September is Childhood Cancer Awareness month. Each year more than 12,000 children in the United States are diagnosed with cancer. One-fourth of them will not survive.
"We went from having a perfectly healthy four year old. We had just finished a four-year-old wellness visit. And she just developed bruises one day."
Kim Snuggs examined the bruises on her daughter Avery. She knew something wasn't right and immediately scheduled an appointment with a pediatrician. That appointment changed everything.
"Never in a million years would have thought what they told us that day. And from day one they thought it was leukemia. And we were sitting here and got that confirmed about 24 hours after the bruises appeared," she said.
That was eight months ago. Since then, Avery has gone through numerous treatments and doctor visits. Her mother says she's been brave. But it hasn't been easy.
"It's a roller coaster ride. There are great days, good days, there are horrible days, and just bad days," said Snuggs.
Snuggs hopes more good days are down the road, and that the road leads to a complete recovery. She's encouraged by initiatives like Childhood Cancer Awareness Month. A time when the spotlight it put on children like Avery.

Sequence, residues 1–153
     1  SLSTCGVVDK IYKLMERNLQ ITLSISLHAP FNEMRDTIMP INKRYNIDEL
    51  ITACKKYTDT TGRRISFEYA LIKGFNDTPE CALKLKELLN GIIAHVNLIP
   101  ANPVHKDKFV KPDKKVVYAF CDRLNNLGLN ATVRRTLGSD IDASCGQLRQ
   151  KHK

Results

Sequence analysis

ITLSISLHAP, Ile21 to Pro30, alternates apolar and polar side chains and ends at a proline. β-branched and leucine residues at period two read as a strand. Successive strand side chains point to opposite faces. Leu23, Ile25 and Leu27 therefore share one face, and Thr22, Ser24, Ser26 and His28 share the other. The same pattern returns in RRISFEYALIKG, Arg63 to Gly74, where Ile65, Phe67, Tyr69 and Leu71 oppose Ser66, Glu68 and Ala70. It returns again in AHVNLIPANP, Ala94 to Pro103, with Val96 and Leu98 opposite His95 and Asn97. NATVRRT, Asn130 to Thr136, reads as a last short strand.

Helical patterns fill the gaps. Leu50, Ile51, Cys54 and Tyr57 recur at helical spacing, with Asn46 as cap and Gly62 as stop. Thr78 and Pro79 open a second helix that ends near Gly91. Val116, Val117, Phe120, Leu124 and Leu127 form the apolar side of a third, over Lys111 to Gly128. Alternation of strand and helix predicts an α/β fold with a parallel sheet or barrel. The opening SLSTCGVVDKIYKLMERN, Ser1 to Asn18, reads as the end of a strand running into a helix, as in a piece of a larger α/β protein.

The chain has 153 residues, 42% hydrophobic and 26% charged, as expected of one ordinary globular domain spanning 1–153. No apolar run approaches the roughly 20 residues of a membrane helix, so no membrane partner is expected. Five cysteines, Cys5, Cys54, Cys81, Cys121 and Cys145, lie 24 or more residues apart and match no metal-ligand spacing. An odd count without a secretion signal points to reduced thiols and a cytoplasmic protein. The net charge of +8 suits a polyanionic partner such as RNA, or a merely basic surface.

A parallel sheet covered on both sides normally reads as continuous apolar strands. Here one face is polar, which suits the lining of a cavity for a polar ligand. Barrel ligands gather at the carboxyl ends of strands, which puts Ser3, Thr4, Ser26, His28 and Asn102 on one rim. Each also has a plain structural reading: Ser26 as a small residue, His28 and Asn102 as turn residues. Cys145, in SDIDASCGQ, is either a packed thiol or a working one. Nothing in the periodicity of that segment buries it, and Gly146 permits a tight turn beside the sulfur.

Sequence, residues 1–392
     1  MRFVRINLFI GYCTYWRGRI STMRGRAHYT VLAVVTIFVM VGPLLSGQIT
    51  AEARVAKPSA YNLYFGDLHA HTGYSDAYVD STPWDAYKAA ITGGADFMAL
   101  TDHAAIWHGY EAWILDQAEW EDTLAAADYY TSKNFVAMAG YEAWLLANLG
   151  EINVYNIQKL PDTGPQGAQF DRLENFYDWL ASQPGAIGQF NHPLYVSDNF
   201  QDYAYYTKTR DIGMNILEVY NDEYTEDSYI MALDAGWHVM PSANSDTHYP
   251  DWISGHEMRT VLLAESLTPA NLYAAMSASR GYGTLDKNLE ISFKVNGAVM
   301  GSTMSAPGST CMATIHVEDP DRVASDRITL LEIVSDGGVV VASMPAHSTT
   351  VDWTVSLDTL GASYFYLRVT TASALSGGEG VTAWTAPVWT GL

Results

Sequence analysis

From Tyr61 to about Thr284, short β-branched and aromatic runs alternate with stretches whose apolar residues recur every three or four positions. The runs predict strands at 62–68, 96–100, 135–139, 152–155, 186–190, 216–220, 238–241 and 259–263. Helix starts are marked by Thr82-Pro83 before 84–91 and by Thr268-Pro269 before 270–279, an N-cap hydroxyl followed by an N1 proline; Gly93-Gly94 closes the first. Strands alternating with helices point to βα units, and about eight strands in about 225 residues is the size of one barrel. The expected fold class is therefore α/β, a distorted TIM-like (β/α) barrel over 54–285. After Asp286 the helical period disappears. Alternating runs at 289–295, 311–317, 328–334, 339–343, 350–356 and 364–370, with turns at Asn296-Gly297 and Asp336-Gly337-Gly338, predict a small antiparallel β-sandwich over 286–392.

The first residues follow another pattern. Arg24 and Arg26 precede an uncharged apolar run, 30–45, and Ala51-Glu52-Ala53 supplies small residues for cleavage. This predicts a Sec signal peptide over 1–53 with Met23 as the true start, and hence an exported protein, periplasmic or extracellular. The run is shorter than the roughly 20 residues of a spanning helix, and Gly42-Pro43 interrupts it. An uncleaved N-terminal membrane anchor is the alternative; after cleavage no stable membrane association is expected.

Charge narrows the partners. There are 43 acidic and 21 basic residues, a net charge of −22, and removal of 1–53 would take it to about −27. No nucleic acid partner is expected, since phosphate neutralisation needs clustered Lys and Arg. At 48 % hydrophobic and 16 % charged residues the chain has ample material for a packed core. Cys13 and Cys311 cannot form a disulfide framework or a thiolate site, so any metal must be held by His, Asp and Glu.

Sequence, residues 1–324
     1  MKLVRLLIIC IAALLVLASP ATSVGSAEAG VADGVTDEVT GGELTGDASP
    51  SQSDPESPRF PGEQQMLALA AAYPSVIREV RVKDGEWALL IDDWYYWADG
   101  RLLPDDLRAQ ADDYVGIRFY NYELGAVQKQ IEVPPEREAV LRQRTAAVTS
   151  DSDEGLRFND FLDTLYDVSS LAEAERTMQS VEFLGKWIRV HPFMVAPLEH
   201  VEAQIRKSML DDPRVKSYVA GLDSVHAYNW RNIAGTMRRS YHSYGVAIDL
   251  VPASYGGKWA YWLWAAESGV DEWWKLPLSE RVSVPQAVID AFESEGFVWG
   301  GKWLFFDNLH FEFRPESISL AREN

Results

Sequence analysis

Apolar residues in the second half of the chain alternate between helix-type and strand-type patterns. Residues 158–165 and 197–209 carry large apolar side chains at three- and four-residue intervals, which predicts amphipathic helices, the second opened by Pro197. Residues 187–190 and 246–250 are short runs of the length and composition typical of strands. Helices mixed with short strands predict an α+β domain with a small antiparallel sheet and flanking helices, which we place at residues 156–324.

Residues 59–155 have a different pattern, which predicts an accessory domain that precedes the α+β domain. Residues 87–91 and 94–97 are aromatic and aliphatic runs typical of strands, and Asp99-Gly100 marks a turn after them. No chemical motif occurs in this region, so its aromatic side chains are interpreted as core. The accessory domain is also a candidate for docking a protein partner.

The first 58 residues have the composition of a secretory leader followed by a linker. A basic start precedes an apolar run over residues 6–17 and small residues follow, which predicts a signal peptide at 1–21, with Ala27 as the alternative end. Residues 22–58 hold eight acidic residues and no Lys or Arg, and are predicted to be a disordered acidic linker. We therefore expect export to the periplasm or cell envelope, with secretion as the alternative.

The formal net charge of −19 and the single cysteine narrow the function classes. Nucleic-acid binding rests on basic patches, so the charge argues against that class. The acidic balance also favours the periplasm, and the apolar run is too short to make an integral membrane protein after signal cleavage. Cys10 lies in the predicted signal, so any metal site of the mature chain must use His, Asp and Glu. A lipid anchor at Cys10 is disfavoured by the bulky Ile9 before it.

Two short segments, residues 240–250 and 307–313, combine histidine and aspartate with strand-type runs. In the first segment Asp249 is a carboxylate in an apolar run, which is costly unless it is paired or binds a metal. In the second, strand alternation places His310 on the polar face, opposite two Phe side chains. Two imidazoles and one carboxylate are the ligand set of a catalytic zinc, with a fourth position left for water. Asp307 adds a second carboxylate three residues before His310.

The success rate for saving children with cancer has risen more than 50 percent in the last 30 years. But Avery's doctor, Michael Gleason, says there's still a long way to go. He says this month can help close that gap.
"Everybody knows what the pink ribbon means. Nobody knows what the golf ribbon means. And that's what Childhood Cancer Awareness Month is all about. Just letting everybody know that there so many children diagnosed every year," he said.
Gleason says Avery is on an experimental drug to see how well it attacks her leukemia cells. Treatments like that can be hard on her little body.
"They go through hell and back. Avery right now is in one of the phases of therapy called delayed intensification which means it's a more intense treatment. Right now she's coming every day for chemo therapy," said Gleason.
But Snuggs says those days will soon be behind them.
"I've pictured her as a teenager fussing at me. I've pictured her holding my first grandchild maybe one day. That's what all of us have to claim and cling to is complete healing."